Oct 31, 2007 (ChristianToday.com) – There is an interesting article in ChristianToday.com, reviewing the book “Perfect Girls, Starving Daughters” by Courtney Martin. Here is an excerpt from the review:
In Perfect Girls, Starving Daughters, a breezy but insightful journalistic foray into young women’s eating, Courtney Martin says it’s only gotten worse since I was in high school. In 1995, 34 percent of American high school girls thought they were overweight. Now, 90 percent do. That statistic encompasses a wide range of women, from those who eat healthy, normal meals and feel awful about it to those who suffer from bulimia or anorexia to those who actually are overweight. (Martin says obesity is not wholly different from anorexia; both reflect a distorted sense of food’s meaning.) “Colleges are breeding grounds for eating disorders and unhealthy obsession with food,” Martin observes. After their second trip of the day to the gym, zealous college dieters head to the cafeteria, where they linger over the mac-and-cheese and then choose the salad bar. They mask their weight-loss intention by claiming they’re vegan, or inventing a lactose intolerance.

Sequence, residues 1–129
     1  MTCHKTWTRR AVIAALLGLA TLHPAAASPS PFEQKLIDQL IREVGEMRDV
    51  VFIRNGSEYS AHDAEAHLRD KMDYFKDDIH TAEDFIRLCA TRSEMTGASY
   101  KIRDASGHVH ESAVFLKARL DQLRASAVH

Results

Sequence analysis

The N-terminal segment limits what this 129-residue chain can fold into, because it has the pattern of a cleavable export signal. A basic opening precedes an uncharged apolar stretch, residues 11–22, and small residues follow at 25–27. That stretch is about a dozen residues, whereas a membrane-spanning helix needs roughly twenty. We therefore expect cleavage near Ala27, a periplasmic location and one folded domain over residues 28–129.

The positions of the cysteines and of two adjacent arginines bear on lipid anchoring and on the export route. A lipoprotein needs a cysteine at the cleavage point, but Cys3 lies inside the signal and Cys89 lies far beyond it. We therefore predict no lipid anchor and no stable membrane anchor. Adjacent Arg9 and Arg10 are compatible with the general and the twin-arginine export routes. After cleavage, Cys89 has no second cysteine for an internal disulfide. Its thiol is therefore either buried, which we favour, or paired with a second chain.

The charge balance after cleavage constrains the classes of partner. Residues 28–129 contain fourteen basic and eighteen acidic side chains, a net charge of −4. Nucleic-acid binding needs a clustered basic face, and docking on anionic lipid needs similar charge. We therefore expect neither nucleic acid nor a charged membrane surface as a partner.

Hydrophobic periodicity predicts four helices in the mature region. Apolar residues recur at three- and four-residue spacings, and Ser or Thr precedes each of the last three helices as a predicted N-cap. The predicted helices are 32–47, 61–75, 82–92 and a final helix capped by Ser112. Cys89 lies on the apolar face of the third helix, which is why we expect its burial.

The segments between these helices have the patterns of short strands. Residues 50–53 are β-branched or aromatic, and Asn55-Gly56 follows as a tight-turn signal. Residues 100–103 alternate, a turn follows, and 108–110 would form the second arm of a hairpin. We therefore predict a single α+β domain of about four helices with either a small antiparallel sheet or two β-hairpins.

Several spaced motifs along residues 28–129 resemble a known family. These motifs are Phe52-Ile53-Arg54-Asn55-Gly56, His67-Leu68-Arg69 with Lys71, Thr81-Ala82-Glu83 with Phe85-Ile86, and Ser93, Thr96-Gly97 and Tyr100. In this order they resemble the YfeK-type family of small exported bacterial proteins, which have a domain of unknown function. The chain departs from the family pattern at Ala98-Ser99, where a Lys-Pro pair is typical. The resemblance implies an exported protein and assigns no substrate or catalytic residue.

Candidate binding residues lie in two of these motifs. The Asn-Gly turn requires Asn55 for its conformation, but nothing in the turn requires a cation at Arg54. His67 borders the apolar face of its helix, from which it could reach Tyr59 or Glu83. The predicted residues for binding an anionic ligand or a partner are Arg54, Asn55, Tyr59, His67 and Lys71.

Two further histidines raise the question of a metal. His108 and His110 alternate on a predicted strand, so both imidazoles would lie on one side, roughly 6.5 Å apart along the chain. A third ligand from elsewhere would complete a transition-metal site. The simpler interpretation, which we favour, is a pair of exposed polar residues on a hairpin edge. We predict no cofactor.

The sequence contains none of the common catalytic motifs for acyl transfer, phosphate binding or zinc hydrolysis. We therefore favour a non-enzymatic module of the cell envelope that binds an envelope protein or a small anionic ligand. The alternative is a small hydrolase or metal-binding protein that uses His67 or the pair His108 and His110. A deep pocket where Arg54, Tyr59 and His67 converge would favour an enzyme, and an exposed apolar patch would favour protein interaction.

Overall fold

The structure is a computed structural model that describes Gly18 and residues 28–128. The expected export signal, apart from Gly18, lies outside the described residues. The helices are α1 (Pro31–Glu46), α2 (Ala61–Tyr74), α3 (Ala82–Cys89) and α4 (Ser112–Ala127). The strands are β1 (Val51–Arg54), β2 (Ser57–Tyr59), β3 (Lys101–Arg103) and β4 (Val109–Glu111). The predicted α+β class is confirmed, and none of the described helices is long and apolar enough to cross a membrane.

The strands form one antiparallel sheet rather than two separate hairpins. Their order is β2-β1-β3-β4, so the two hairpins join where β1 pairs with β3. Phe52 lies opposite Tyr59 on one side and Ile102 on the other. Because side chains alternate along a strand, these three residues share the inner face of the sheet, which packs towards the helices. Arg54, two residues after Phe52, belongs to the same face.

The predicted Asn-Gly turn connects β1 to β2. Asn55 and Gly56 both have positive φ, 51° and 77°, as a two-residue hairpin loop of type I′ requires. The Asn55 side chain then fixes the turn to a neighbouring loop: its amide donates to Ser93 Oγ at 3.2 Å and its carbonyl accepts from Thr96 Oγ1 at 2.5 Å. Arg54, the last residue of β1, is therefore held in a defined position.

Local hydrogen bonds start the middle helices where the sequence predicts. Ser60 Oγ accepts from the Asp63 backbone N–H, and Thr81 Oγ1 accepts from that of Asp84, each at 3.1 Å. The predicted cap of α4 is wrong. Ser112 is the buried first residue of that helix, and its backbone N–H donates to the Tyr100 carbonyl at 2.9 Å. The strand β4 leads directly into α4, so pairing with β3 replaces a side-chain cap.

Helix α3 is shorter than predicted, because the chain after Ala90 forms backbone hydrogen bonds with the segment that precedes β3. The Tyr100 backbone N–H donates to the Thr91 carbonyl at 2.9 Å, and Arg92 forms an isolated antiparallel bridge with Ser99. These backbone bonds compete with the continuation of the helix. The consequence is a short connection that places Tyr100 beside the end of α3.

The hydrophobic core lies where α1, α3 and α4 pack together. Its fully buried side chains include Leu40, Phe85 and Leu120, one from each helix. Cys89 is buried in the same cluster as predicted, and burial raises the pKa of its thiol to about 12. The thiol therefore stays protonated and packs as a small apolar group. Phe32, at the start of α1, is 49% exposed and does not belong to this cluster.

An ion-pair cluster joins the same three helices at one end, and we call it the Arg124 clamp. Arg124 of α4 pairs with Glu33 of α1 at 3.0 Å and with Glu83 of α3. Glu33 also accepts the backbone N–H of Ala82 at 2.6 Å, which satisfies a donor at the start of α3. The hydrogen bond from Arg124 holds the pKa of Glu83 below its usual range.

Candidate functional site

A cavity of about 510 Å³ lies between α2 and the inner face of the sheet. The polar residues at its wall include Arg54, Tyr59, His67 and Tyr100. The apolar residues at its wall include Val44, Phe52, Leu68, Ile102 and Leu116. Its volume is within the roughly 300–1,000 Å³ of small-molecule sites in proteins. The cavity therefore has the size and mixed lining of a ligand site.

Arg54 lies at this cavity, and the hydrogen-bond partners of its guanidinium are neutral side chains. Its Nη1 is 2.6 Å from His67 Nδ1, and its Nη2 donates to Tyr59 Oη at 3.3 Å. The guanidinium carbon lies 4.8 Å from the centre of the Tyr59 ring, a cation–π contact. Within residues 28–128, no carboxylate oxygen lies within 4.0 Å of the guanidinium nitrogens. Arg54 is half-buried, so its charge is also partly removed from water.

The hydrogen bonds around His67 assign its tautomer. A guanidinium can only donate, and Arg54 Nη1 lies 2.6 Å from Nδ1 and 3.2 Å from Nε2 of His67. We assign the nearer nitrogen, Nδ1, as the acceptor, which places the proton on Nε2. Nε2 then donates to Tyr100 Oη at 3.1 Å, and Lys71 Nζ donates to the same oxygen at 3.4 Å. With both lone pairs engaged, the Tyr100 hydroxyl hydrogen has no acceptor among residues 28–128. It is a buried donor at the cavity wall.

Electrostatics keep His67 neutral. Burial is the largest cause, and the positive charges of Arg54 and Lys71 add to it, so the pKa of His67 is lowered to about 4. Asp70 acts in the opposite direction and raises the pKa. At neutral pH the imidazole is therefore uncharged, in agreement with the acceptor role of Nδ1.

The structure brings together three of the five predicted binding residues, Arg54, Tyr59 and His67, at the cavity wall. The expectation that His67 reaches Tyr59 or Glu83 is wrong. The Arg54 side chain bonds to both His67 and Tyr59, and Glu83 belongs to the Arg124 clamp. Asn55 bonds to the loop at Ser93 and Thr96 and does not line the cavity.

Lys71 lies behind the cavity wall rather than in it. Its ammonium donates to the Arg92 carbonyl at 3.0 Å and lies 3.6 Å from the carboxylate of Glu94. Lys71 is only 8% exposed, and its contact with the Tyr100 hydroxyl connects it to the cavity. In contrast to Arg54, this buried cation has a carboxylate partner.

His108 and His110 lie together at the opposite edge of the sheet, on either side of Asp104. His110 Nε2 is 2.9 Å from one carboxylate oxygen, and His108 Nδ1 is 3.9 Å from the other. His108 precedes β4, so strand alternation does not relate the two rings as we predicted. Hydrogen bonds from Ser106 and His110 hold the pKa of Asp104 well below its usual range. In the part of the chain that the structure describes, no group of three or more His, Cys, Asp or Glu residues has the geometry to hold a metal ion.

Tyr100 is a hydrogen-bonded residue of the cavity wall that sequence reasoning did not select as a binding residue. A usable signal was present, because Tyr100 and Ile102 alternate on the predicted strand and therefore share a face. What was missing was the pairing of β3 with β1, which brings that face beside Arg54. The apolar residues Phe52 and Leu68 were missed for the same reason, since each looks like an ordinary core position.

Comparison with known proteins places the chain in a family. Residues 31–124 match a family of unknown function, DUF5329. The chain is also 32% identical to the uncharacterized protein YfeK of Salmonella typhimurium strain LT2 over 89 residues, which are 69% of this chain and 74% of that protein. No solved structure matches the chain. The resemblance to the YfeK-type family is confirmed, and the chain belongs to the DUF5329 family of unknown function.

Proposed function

Martin argues that this bodily self-loathing not only imperils girls’ health but also robs them of time and energy. She estimates that many women spend about 100 minutes a day scrutinizing their bodies and their caloric intake. That’s 100 minutes a day they could be “admiring the width of their hips celebrating their creativity reading an amazing book, feeling grateful for family and friends, memorizing a poem, considering concepts of God, or taking action against global warming.” If a woman obsesses for 100 minutes a day, every day, from age 12 to age 85, she will have devoted three years of her life to the negative caloric value of celery sticks.